Austrian Cuisine – Classical Soups

One of the greatest things in Austria, in my oppinion is food. Due to Austrias history a lot of dishes from countries all over Central Europe have been incorporated and adapted a lot of regional dishes from Italy, Bohemia, Hungary and other countries into the Austrian Cuisine.

I want to start a new “series” in this blog where I will introduce you to a lot of Austrian Food. I will start today with some soups, that you will find in almost every Austrian restaurant.

English: Tiroler Speckknödelsuppe is soup with...

Image via Wikipedia

  • Frittaten-Suppe: this is a beef soup, which has stripes of pancakes in it.
  • Tiroler-Knödel-Suppe: this is a beef soup with dumplings made out of bread and bacon (Speck) in it. The tyroleans therefore call it Speck-Knödel-Suppe, but the more reknown name is Tiroler Knödel Suppe.
  • Leber-Knödel-Suppe: this is a beef soup with dumplings with Liver in it. You might also get it as Leber-Spätzle-Suppe, with way smaller dumplings in it. For some reason I love the Knödel but cannot stand the Spätzle, but I guess thats just me.
  • Griessnockerl-Suppe: another beef soup – this time with small dumplings made of Semolina. An absolut classic, which I stronly recommend.
  • Wiener Festtagssuppe: another beef soup, which can be taken as a main course, too. It has noodles, some pieces of beef and some vegetables in it.
  • Gulasch-Suppe (Goulash soup): this soup bases on the hungarian Gyulas: its a thick soup with meat and peppers. Do not mix that one up with Gulasch – which is a main course and kind of a stew. Gulasch-Suppe is a highlight on long nights out and you often get it in Bars that have open until late, as it revives you, if you had a drink to much.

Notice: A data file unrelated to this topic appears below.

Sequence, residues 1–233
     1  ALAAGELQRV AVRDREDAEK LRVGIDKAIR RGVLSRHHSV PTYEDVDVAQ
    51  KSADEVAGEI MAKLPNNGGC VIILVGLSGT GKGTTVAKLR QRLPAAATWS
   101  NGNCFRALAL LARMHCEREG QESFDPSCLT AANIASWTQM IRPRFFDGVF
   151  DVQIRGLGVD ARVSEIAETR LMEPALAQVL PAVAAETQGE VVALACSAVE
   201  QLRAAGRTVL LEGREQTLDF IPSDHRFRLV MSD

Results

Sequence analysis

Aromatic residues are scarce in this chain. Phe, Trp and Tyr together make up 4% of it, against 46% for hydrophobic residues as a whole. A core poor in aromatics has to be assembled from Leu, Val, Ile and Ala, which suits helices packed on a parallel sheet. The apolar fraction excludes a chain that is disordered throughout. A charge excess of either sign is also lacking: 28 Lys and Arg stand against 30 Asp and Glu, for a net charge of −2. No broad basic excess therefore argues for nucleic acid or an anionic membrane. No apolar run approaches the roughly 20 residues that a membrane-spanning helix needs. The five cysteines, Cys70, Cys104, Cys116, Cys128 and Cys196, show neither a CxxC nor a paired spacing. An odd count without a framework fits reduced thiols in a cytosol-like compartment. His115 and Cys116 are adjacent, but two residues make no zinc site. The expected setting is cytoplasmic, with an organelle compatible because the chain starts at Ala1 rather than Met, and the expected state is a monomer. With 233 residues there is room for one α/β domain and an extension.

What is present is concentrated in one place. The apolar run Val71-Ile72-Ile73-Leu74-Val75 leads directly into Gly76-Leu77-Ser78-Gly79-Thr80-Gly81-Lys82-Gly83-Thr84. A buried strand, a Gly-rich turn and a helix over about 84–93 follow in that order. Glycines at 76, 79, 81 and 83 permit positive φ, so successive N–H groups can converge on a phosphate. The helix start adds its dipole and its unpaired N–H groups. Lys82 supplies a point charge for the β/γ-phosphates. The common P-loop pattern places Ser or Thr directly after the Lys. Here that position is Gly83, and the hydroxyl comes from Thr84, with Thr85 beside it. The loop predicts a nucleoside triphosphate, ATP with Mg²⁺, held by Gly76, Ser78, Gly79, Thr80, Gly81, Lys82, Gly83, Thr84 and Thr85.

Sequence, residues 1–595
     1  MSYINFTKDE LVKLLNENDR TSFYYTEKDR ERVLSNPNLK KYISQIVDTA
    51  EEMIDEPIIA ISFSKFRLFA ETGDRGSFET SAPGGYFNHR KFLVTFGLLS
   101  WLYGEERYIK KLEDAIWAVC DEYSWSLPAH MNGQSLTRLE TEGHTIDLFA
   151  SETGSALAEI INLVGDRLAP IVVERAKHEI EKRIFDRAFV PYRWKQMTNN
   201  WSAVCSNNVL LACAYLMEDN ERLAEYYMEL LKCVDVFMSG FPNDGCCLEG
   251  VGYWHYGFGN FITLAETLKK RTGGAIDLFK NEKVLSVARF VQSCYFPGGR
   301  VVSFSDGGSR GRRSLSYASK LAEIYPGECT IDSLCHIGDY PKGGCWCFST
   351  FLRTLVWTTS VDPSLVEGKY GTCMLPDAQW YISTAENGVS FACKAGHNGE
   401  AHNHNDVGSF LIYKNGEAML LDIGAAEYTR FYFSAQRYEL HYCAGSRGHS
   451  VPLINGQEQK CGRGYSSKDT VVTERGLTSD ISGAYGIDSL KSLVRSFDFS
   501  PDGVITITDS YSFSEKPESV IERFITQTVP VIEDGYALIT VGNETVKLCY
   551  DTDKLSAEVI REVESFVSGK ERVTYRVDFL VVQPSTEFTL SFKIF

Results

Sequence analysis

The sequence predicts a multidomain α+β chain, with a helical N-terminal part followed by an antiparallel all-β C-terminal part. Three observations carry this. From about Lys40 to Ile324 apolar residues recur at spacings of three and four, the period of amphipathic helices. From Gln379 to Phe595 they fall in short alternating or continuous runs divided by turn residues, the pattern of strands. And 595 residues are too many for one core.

• Kürbis-Creme-Suppe (Pumpkin Soup): this is a cream soup made out of pumpkins; it is served with some pumpkin seeds and some pumpkin-seed-oil in it. This speciality of Styria is getting more and more popular all over Austria.
  • Spargelcreme-Suppe (Aspargus Soup): this soup is made out of Aspargus – pieces of it do cook in the soup and then it is made to a creme soup, but there are also some “whole” pieces of Aspargus on it. This soup is only served in spring.
  • Bergkäse-Suppe (cheese soup): This soup is mainly served in the alpine regions, you will find it in a lot of variations, as every region uses its regional cheeses. A must for Cheese-Lovers.

Hm, I am getting hungry now.

I hope you like this short introduction into some of the soups of Austria – you will find most of these soups on the menus in restaurants all over Austria. There is also a great variety of regional soups – I might take a look at them at some other time.

Next Thursday I will treat you with the most famous “main courses” – for example Wiener Schnitzel.


Filed under Austrian Cuisine

7 responses to “Austrian Cuisine – Classical Soups

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